Wednesday, March 23, 2011

German High Court Rules that Bank Had Duty to Advise on Risks of Complex Derivatives Contract

The German Federal Court of Justice has ruled that a global German bank violated its advisory duties with regard to a derivatives interest rate swap contract and was liable for damages. A bank must determine investment advice with regard to derivatives contracts before making recommendations, noted the court, taking into account the risk appetite of the investor, unless the bank has had a long business relationship with the investor or already knows the recent investment behavior of the customer. Further, the professional qualifications of a customer cannot in itself allow the bank to conclude or infer that the investor has knowledge of the specific risks of a CMS Spread Ladder swap contract, said the court.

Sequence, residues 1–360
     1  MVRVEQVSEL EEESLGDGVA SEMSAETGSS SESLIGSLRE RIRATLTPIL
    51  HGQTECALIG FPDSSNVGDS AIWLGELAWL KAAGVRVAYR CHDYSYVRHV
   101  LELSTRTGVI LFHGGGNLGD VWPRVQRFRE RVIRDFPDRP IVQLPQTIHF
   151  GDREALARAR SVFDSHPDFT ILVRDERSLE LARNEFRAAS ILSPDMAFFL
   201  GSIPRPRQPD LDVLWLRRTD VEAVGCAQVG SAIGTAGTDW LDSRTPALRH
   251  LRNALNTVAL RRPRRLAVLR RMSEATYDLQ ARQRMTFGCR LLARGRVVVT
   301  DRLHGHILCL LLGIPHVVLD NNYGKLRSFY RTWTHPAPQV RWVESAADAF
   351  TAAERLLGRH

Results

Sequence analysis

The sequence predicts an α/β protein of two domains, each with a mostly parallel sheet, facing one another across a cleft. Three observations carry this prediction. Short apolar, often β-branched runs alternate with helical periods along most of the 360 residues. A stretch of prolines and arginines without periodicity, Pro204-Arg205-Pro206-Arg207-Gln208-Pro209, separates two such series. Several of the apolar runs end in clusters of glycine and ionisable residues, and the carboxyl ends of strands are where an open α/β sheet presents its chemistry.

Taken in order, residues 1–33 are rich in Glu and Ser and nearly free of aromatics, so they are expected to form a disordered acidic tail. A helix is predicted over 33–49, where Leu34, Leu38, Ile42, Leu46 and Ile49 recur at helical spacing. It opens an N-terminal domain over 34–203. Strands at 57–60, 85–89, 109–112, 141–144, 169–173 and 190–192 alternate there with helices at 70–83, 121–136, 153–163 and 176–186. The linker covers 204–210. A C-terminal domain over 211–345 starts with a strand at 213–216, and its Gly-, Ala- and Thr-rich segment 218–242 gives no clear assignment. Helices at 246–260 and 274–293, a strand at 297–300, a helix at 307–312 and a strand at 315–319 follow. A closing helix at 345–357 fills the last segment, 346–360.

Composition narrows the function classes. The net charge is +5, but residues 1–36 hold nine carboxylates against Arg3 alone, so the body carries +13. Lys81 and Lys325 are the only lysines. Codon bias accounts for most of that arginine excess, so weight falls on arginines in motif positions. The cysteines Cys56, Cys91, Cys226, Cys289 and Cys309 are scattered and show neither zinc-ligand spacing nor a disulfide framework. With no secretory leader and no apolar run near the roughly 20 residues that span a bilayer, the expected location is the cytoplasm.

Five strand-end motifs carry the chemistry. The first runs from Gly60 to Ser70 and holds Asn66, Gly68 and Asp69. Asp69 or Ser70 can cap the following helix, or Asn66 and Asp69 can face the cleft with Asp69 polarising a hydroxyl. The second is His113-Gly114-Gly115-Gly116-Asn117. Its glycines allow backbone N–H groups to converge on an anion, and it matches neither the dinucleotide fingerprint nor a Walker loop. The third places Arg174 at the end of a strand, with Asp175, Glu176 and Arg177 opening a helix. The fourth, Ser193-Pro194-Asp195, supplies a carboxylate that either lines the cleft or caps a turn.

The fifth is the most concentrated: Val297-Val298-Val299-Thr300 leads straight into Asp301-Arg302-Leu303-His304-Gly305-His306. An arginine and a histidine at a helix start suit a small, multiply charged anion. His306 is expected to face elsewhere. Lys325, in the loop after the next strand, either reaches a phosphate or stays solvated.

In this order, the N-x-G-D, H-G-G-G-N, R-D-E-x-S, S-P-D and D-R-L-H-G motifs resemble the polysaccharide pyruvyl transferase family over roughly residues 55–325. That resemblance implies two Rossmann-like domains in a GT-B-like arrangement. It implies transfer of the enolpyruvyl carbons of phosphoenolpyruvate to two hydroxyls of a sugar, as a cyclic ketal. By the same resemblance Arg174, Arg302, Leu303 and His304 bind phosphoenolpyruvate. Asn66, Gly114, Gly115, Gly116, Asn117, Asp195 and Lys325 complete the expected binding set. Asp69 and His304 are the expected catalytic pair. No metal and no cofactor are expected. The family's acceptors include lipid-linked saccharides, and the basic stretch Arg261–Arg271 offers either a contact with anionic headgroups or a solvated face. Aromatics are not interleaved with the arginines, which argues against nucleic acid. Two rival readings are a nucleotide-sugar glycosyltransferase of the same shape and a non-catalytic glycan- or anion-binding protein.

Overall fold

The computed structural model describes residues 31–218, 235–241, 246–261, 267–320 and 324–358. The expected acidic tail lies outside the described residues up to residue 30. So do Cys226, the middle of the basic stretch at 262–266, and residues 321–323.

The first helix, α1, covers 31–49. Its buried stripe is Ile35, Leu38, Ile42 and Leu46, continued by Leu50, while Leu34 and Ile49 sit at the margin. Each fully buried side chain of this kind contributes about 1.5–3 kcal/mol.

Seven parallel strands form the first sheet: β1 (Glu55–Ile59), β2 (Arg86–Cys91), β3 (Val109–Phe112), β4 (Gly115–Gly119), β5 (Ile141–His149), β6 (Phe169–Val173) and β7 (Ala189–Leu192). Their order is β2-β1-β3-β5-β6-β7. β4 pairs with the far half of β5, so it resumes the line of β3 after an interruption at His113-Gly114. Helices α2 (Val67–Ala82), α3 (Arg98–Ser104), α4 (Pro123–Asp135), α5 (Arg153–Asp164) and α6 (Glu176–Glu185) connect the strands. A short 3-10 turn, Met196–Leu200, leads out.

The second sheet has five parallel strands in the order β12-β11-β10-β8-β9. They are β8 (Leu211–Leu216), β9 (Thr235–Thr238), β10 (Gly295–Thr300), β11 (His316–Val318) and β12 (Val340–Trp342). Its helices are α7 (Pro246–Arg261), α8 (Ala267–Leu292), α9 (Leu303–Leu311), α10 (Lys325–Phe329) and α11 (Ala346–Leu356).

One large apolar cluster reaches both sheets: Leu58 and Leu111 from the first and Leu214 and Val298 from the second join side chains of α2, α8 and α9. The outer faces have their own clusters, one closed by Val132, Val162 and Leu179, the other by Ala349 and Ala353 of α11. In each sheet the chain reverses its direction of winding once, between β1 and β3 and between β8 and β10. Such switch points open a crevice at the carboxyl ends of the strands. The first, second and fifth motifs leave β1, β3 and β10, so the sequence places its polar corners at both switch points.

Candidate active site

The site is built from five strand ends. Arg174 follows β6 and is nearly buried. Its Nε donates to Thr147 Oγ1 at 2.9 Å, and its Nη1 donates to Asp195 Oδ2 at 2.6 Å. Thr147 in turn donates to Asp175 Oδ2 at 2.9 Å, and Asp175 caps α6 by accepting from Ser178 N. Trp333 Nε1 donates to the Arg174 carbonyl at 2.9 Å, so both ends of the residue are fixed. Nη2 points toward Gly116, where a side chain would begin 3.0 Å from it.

With such a highly complex and risky structured derivatives product such as the CMS Spread Ladder swap contract, there was a high demand on the bank to provide advisory services to the investor. Similarly, the customer needs to be enlightened as to the risk of such highly complex derivatives products with substantially the same information and knowledge as his or her advisory bank because it is only then that a responsible investment decision can be made as to whether he or she will accept the offered interest rate be. Special circumstances existed with the recommendation of the CMS Spread Ladder swap, said court, because the advisory bank knew that the product had been structured to the detriment of the investor.

The Federal Court of Justice is Germany's highest court of general civil and criminal jurisdiction and is the court of last instance in matters of general jurisdiction, with the Federal Constitutional Court hearing only constitutional complaints. The Federal Court of Justice has issued a summary of its opinion, with the full text of the opinion expected in several weeks.

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